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Inflation falls back, welcome news for squeezed households

Ben Brettell | 18 July 2017 | A A A

You’re about to read press releases, which we’ve written for media use only. They’re not intended for individual investors. They’re not personal advice and don’t include any recommendations.

No recommendation

You’re about to read press releases, which we’ve written for media use only. They’re not intended for individual investors. They’re not personal advice and don’t include any recommendations.

Media contact:

Ben Brettell

Senior Economist

Direct line: 0117 980 9993

Email: ben.brettell@hl.co.uk

UK inflation fell unexpectedly in June to 2.6%, easing the pressure on squeezed household budgets and substantially reducing the likelihood of an August interest rate rise. The ONS said the drop was largely due to falling motor fuel prices, although core inflation – which strips out the more volatile components such as fuel and food – also fell, to 2.4%.

The news sent the pound sharply lower as currency traders adjusted their outlook for interest rates. The Bank of England’s rhetoric has taken an increasingly hawkish tone in recent weeks, with Mark Carney himself saying at the end of last month that “some removal of monetary stimulus is likely to become necessary”. Chief economist Andy Haldane also indicated he might support a rate rise this year. However if today’s pullback in inflation marks the start of a sustained decline, the pressure on the Bank to raise rates will ease.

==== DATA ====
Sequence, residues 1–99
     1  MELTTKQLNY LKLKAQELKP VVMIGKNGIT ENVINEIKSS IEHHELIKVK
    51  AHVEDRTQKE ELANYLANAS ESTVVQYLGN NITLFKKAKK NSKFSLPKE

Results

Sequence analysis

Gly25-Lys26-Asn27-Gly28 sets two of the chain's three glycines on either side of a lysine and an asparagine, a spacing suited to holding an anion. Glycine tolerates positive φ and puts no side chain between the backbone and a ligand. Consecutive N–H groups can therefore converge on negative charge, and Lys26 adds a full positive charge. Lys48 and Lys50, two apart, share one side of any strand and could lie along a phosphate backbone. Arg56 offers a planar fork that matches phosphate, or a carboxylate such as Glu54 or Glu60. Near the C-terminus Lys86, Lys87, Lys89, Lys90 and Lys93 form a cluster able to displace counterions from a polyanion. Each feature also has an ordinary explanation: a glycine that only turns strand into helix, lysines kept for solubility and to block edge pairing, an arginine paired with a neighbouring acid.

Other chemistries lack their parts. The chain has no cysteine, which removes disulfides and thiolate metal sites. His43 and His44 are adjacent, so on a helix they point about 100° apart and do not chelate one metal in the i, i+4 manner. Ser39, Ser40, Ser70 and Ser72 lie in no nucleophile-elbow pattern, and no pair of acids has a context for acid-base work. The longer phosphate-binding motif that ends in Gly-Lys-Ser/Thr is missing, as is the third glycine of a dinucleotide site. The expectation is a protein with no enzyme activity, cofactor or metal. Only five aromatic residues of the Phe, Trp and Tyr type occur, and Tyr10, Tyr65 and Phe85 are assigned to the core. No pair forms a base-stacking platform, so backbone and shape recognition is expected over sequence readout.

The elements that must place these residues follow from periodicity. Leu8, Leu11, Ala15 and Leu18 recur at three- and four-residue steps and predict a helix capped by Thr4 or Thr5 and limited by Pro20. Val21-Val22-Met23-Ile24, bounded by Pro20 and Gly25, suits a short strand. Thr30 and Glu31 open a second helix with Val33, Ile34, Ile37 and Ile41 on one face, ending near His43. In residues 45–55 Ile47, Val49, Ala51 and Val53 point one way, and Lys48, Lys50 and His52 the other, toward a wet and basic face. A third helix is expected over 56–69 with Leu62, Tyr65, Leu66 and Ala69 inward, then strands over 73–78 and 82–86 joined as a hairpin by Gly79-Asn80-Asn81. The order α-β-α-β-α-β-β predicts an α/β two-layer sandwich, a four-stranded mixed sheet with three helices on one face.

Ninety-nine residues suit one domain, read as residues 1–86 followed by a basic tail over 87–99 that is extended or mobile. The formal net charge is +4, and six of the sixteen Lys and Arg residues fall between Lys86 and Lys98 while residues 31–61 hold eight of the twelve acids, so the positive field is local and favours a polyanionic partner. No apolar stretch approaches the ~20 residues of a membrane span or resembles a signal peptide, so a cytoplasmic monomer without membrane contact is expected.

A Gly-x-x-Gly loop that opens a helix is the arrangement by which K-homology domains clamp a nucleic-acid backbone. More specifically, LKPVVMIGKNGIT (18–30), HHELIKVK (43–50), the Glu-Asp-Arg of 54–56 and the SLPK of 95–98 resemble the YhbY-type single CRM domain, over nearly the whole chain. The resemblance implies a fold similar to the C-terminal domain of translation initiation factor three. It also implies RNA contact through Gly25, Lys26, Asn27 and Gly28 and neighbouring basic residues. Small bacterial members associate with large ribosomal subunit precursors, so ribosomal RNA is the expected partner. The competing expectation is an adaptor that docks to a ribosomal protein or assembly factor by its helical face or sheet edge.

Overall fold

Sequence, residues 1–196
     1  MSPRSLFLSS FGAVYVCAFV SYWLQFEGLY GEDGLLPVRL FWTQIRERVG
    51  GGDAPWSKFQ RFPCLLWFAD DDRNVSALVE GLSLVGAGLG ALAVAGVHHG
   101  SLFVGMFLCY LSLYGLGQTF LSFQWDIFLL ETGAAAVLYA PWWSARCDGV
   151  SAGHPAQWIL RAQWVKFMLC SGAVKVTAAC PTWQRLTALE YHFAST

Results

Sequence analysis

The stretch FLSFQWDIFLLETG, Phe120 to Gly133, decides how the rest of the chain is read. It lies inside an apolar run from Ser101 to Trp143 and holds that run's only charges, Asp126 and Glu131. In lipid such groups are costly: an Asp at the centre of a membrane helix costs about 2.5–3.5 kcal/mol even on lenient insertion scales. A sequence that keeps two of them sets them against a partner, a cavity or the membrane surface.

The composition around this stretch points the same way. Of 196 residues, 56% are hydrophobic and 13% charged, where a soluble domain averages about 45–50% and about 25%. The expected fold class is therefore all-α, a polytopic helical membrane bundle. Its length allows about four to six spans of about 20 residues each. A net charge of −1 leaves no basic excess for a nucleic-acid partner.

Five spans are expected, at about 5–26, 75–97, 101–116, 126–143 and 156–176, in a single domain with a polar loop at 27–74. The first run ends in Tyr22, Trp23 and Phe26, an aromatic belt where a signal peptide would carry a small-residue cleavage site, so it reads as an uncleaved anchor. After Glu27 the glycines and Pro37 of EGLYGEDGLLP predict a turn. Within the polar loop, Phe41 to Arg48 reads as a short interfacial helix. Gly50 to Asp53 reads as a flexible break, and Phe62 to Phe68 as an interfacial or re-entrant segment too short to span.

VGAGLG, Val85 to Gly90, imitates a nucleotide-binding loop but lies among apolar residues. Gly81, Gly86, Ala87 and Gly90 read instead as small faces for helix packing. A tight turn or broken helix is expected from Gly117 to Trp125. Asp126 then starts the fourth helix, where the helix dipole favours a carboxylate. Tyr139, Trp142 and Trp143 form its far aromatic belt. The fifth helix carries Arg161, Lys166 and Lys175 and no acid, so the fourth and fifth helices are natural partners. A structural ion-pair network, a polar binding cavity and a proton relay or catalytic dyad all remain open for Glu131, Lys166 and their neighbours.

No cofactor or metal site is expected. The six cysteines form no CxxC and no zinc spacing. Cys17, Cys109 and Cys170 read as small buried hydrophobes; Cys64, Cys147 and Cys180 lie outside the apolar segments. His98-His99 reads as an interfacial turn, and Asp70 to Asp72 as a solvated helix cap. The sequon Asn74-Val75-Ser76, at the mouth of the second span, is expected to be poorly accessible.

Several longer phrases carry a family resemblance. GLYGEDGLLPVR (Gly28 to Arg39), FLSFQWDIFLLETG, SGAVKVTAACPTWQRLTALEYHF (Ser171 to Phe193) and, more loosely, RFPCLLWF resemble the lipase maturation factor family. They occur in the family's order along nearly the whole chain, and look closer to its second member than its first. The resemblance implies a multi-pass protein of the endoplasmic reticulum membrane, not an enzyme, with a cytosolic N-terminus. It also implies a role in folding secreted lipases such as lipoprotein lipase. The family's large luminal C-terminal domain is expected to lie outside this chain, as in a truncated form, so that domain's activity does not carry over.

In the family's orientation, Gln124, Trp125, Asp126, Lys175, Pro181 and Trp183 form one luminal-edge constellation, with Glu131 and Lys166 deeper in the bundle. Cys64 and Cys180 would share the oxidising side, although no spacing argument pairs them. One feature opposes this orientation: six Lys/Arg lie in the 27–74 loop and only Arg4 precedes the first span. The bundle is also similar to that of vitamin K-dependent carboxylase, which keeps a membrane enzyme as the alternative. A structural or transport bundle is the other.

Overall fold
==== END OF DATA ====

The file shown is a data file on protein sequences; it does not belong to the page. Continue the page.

Three members of the rate-setting committee voted to raise rates last month, though this includes Kristin Forbes who stepped down at the end of June.

Falling inflation alleviates the squeeze on household finances – though pay is still shrinking in real terms for now. Last week’s labour market update from the ONS showed wages growing by less than inflation for a third consecutive month. Pay (including bonuses) grew by 1.8%, meaning that after inflation, average earnings in the three-month period fell by 0.7% compared with a year earlier.

If inflation continues to moderate, this could bode well for economic growth – the UK economy is heavily reliant on the consumer, and economists had expected falling real incomes to eventually translate into lower retail sales. If this fails to materialise the economy could see a stronger second half to the year.


You’re about to read press releases, which we’ve written for media use only. They’re not intended for individual investors. They’re not personal advice and don’t include any recommendations.